There is always a need to develop new apparatus and methods that will help perform these methods and processes more cost effectively than their traditional counterparts. In the area of liquid purification, any technology that can lower the overall cost, simplify the process, and improve efficiencies would be very advantageous. It would thus be desirable if methods and/or structures would be devised to purify liquids, such as wastewater, using simple methods and devices. 

Crews’ and Huang’s invention is a method for purifying fluids that involves contacting a liquid with a particle pack containing substrate particles such as sand and a comparatively smaller particulate additive. The particulate additive may be nanoparticles having a mean particle size of 1000 nm or less. The nanoparticles may be alkaline earth metal oxides, alkaline earth metal hydroxides, alkali metal oxides, alkali metal hydroxides, transition metal oxides, transition metal hydroxides, post-transition metal oxides, post-transition metal hydroxides, piezoelectric crystals, and/or pyroelectric crystals. The nanoparticles are present in an amount effective to purify the liquid. 

There is additionally provided in another non-limiting embodiment a particle pack for purifying fluids that includes a plurality of substrate particles treated with a particulate additive, which are comparatively smaller than the substrate particles. The particles in the particle pack may include, but are not necessarily limited to, sand, gravel, ceramic beads, glass beads, and combinations thereof. The particulate additive may have a mean particle size of 1000 nm or less. The nanoparticulate additive may include, but not necessarily be limited to, alkaline earth metal oxides, alkaline earth metal hydroxides, alkali metal oxides, alkali metal hydroxides, transition metal oxides, transition metal hydroxides, post-transition metal oxides, post-transition metal hydroxides, piezoelectric crystals, and/or pyroelectric crystals. The nanoparticles may be present in an amount ranging from about 1 part particulate additive for 200 to 5000 parts by weight of particles in the particle pack.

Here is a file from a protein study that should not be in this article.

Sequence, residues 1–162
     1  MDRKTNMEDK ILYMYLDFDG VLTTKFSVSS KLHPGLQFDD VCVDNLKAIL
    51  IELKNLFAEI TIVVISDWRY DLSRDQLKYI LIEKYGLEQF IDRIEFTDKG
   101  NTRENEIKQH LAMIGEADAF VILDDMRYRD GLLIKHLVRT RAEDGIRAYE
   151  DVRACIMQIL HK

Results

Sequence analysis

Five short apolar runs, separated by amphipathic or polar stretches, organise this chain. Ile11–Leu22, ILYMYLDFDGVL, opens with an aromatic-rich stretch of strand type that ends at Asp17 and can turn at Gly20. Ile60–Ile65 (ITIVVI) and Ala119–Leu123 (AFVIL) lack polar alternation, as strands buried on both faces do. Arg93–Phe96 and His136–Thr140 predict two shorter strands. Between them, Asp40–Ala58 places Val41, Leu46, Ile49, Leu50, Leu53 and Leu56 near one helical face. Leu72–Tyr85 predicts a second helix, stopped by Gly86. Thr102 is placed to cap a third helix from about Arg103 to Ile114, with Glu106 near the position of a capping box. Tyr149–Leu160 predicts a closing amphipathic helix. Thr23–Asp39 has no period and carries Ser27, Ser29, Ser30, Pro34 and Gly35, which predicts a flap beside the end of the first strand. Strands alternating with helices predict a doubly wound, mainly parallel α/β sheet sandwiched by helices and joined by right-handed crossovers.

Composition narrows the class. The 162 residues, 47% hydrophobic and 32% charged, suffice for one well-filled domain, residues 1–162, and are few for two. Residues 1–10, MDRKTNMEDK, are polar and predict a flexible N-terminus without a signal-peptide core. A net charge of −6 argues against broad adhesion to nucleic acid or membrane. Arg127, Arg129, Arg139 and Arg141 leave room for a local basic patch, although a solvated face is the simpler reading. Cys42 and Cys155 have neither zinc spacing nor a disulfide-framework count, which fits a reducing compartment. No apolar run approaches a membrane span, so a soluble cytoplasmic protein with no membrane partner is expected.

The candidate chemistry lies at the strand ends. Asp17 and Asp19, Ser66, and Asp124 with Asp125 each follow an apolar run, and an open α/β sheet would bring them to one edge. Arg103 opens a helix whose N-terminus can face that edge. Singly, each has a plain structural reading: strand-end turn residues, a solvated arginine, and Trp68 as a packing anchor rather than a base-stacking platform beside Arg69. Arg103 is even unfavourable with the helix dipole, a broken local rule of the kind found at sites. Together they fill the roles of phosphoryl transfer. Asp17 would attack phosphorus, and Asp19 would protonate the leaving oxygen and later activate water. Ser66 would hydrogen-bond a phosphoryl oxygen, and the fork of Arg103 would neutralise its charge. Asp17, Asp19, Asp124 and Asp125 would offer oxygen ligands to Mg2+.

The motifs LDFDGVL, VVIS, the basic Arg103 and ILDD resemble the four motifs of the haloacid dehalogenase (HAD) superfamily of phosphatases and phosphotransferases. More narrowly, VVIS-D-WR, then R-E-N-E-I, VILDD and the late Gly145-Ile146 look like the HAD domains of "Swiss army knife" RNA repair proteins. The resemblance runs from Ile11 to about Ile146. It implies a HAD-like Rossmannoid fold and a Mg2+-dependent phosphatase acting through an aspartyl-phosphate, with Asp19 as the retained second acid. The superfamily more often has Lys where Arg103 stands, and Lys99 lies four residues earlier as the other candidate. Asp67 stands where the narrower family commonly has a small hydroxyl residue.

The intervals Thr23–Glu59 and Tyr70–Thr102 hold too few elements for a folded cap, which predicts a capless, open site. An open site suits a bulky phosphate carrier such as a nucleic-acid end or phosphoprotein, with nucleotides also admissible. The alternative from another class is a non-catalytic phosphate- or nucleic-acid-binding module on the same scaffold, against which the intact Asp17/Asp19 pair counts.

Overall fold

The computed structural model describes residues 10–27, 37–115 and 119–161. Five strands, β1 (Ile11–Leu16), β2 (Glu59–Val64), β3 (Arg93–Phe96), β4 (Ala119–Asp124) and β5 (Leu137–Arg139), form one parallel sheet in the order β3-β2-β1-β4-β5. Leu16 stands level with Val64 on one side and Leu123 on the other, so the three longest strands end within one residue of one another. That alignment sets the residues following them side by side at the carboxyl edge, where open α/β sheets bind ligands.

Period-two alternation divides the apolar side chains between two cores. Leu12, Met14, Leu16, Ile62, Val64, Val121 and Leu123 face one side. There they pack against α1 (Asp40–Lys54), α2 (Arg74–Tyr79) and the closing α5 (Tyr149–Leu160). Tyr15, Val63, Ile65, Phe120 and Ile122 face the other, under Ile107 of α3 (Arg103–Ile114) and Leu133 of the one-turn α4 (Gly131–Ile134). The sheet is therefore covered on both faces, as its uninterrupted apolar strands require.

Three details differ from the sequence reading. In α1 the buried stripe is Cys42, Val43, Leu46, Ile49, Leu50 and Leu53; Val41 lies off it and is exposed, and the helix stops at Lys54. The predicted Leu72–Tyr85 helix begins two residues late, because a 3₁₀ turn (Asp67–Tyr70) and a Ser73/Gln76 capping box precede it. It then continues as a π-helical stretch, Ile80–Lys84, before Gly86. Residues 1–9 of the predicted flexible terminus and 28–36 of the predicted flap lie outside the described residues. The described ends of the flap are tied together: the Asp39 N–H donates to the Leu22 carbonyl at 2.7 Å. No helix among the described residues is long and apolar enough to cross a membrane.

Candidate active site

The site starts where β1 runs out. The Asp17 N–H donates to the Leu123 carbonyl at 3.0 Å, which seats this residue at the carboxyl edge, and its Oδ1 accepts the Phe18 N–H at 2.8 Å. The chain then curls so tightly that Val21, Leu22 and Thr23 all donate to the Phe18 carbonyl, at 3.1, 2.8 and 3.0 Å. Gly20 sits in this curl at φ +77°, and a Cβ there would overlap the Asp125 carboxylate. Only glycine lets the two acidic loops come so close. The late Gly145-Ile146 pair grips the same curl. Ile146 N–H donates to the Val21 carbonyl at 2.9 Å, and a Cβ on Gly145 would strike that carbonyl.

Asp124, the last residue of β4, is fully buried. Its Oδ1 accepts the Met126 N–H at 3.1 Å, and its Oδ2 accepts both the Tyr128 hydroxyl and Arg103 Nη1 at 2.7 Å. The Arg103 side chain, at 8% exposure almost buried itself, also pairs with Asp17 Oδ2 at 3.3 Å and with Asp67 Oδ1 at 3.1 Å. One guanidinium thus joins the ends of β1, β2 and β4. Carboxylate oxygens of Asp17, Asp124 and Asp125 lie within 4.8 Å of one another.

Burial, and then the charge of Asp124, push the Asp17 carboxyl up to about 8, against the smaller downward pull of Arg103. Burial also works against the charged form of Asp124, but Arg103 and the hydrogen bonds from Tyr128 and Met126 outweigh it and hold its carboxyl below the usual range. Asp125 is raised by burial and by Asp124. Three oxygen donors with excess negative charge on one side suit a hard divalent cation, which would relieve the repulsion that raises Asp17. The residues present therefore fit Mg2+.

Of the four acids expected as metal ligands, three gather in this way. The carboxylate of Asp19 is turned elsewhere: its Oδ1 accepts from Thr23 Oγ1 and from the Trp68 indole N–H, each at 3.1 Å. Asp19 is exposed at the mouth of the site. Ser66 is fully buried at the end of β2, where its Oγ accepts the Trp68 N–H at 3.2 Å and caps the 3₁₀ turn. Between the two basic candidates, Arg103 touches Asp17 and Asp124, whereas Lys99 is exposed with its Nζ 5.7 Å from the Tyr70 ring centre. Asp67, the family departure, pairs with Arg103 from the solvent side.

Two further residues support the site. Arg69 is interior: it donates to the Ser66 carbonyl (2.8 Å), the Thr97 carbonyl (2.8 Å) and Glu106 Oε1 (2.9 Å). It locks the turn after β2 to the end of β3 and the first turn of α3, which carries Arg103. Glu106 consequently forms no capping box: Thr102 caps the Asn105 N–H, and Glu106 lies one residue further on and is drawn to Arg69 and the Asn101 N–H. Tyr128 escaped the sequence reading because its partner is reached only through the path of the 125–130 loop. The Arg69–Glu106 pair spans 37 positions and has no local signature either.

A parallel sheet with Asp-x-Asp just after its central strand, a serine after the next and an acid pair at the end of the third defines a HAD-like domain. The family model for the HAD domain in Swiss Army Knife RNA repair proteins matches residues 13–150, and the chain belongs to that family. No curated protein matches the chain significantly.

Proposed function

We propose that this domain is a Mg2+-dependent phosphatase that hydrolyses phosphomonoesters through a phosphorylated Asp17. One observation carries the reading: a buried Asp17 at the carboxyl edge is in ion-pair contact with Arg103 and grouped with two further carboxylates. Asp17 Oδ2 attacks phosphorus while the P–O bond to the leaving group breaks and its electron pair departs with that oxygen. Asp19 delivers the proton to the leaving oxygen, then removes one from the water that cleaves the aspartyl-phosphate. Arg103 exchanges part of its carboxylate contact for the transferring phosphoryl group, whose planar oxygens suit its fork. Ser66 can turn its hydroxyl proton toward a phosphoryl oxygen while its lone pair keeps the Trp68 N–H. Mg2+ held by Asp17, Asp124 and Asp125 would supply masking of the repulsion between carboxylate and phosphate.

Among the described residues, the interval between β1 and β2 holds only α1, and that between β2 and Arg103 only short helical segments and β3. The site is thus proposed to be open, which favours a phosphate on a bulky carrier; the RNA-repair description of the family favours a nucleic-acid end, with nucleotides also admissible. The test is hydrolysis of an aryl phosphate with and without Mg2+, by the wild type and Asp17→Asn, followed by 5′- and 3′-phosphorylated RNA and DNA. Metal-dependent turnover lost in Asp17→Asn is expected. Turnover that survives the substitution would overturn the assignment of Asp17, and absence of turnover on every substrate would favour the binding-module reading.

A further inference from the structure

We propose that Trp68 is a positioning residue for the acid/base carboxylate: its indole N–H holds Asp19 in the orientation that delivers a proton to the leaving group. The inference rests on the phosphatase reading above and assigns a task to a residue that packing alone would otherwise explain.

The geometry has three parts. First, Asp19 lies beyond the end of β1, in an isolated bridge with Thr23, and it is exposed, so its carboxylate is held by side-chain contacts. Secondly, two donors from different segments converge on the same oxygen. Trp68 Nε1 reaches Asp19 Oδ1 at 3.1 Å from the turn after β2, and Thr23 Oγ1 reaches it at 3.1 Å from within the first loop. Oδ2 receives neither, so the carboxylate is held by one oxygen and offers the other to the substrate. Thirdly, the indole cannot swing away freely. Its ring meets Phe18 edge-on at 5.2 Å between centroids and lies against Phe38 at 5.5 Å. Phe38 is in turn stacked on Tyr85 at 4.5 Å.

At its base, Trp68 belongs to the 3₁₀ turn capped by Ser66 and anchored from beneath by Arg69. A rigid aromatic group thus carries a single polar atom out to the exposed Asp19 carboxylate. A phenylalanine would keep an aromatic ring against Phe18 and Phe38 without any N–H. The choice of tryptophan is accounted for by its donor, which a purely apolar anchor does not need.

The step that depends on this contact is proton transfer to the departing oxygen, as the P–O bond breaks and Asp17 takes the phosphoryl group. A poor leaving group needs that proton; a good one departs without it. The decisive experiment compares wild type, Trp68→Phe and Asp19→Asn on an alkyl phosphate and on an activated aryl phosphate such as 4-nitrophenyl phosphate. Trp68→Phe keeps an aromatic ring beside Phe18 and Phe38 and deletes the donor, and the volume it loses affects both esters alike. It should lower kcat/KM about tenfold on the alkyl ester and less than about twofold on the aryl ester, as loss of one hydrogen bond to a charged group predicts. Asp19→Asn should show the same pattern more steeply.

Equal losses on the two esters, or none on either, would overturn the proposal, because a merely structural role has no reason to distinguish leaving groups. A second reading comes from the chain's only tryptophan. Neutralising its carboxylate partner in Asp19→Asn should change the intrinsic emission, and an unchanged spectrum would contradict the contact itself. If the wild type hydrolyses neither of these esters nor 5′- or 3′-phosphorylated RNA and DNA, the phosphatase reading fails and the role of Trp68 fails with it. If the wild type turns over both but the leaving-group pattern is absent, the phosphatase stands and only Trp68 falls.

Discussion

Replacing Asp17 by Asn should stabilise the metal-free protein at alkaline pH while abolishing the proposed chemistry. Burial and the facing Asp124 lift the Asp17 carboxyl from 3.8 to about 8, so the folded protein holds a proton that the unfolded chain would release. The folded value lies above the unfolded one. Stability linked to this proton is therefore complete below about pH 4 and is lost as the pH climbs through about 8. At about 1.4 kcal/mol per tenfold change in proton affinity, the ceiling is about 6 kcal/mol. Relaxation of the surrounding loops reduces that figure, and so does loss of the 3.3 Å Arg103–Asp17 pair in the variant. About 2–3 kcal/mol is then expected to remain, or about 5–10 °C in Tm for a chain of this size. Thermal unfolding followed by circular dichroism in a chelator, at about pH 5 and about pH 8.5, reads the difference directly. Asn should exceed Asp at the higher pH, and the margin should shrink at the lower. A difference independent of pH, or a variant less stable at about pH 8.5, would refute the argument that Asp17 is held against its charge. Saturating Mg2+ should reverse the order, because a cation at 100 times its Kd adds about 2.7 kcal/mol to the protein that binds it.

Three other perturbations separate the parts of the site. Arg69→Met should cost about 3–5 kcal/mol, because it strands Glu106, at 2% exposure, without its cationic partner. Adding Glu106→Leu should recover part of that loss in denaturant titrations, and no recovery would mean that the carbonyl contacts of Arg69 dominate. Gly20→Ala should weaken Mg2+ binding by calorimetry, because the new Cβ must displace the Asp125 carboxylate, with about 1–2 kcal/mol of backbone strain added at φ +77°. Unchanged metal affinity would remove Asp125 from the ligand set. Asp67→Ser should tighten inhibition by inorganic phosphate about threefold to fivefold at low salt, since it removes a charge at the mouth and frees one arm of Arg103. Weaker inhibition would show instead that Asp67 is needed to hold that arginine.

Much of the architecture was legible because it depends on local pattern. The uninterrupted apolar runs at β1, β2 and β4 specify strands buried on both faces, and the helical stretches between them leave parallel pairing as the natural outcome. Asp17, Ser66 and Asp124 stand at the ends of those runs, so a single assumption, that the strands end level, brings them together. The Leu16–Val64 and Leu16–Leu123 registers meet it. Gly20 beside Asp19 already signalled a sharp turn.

The particulate additives, also referred to herein as nano-sized particles or nanoparticles (e.g. MgO and/or Mg(OH).sub.2, and the like), appear to fixate, bind up, or otherwise capture contaminants, such as clay and non-clay particles, including charged and non-charged particles. Due at least in part to their small size, the surface forces (e.g. van der Waals and electrostatic forces) of the nanoparticles help them associate, group or flocculate the tiny contaminant particles together in larger collections, associations or agglomerations. Such groupings or associations help capture the contaminants in place and keep them from moving and passing through with the liquid, resulting in a purified liquid. In many cases, the purifying ability of the particle pack may be improved by use of nano-sized particulate additives that may be much smaller in size than the contaminants. 

The addition of alkaline earth metal oxides, such as magnesium oxide; alkaline earth metal hydroxides, such as calcium hydroxide; transition metal oxides, such as titanium oxide and zinc oxide; transition metal hydroxides; post-transition metal oxides, such as aluminum oxide; post-transition metal hydroxides; piezoelectric crystals and/or pyroelectric crystals such as ZnO and AlPO.sub.4, to an aqueous fluid, a solvent-based fluid such as glycol, or oil-base fluid, e.g. mineral oil, may be used to treat the particle pack, such as a sand bed, which in turn is expected to purify, clarify and otherwise clean the fluid.